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Re: [Public WebGL] another proposal to temporarily expose some device/driver information only when really needed

If the main use case is to allow apps that can be implemented with
canvas2d to use that version when WebGL would otherwise run through
software rendering (which would be typically slower then on most
sensible configs, eg. because of fragment shaders processing), could
we 'simply' add a WebGL context attribute such as :

allowSoftwareRendering (default: true)
If false, if the browser cannot create a fully hardware-accelerated
context, the context creation fails (hence returns null).

Such apps would be able to do :

gl = canvas.getContext("experimental-webgl", {allowSoftwareRendering: false});
if (!gl) {
  // nevermind, we better use the 2d canvas then..
  ctx = canvas.getContext("2d");

I guess this would be a simple solution for the most common use cases,
which are now a bit problematic indeed (unless doing benchmarks during
startup phase of the app).

This would not solve more complex scenarios (eg. VTF slow) but those
would anyways require WebGL support (any VTF-using app probably cannot
be easily implemented with canvas2d...), so benchmarking for this use
case should be much less of a problem.


On Thu, May 3, 2012 at 4:07 PM, Ashley Gullen <ashley@scirra.com> wrote:
> On 2 May 2012 21:47, Gregg Tavares (勤) <gman@google.com> wrote:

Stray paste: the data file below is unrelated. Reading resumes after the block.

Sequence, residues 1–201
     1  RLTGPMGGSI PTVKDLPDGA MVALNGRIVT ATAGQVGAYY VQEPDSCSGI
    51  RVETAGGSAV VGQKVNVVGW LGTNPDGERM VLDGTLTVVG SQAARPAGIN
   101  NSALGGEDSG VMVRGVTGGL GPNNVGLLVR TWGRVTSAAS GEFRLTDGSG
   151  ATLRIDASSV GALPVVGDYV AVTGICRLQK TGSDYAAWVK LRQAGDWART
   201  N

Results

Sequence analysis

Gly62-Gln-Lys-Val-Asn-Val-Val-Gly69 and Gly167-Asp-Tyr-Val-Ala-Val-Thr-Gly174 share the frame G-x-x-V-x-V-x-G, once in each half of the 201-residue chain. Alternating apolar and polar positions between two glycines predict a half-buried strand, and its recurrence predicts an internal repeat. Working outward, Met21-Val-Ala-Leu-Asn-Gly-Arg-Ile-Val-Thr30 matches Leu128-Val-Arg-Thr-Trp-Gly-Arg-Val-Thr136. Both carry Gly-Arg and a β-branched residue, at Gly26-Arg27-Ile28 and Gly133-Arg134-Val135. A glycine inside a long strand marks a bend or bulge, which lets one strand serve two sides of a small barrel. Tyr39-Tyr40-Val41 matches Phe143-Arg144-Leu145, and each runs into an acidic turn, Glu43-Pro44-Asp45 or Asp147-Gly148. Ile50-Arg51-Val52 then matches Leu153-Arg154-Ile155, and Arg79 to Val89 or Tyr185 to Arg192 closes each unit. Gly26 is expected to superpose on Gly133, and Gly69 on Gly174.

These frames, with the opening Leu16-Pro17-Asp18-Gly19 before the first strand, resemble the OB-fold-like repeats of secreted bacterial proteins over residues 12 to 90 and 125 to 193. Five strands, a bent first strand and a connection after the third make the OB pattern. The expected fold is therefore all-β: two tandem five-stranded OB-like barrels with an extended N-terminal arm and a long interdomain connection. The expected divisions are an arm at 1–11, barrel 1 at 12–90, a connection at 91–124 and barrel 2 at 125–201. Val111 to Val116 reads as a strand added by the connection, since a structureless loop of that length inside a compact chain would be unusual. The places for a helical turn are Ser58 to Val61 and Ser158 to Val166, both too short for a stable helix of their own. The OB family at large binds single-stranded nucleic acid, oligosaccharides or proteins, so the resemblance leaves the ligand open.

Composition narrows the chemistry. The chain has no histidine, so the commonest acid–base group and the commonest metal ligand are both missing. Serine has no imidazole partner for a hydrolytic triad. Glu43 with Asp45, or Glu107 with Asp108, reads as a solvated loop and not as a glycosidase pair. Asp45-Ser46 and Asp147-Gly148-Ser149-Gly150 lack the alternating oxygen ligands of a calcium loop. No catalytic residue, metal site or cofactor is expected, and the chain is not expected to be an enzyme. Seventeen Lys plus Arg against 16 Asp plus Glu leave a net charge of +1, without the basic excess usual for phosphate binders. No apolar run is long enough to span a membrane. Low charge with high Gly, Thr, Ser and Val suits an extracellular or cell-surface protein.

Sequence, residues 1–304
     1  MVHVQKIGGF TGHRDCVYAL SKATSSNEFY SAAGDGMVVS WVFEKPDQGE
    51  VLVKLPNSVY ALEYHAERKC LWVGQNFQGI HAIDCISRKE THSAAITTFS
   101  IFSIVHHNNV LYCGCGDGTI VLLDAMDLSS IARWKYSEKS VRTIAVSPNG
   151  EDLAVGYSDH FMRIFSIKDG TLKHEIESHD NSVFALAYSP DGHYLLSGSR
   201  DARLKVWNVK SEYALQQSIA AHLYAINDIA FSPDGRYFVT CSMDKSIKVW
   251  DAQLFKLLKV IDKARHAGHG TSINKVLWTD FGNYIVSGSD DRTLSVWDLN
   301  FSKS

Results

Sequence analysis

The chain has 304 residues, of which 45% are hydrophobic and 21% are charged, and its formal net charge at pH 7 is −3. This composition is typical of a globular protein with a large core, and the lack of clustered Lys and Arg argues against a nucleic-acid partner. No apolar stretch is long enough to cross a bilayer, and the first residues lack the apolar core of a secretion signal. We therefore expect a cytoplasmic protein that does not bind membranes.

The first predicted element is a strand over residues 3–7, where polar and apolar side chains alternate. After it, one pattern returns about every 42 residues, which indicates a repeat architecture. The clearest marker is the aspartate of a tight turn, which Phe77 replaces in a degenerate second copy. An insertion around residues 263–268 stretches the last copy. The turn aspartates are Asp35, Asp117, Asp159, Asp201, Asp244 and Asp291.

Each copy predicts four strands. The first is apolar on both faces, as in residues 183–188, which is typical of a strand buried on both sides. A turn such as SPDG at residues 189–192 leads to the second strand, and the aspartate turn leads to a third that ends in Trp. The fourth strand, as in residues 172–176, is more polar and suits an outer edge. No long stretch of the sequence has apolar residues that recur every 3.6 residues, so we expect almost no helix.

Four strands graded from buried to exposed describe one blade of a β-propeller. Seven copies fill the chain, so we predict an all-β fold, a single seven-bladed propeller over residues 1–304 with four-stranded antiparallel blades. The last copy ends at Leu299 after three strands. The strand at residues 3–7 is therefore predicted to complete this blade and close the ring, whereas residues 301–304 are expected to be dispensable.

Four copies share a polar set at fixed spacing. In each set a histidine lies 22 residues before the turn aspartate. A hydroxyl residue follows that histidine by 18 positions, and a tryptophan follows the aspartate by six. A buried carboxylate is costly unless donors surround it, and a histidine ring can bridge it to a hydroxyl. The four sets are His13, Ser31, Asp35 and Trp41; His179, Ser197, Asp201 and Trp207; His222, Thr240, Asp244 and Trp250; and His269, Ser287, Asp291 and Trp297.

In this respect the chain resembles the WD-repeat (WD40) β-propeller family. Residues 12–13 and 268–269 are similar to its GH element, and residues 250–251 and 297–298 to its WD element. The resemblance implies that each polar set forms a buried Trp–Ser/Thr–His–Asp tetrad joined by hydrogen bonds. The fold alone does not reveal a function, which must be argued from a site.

>> On Wed, May 2, 2012 at 11:53 AM, Ashley Gullen <ashley@scirra.com> wrote:
>>> I think this is a great idea and I'm desperate for something like this.
>>>  Our engine implements both a WebGL and Canvas 2D renderer, and currently
>>> the Canvas 2D renderer is never used in Chrome 18 due to Swiftshader.  I am
>>> keen to fall back to Canvas 2D instead of using Swiftshader but there is no
>>> way to do that.
>> That's a little bit of an exaggeration. You can certainly choose Canvas 2D
>> at anytime. You run a small benchmark and switch.
> We don't make any particular game, we just make an engine.  Are you sure
> it's possible to make a benchmark script that is 100% accurate for all kinds
> of games with their varying performance profiles, and does not delay the
> start of the game by more than a second? How do you know if your benchmark
> is working properly?  What if one renderer runs faster in some places and
> slower in others, and the other renderer runs the opposite (faster where the
> other was slow, slower where the other was faster)?  Which renderer should
> be picked then?  I'd rather just say: use the GPU.
> Ashley

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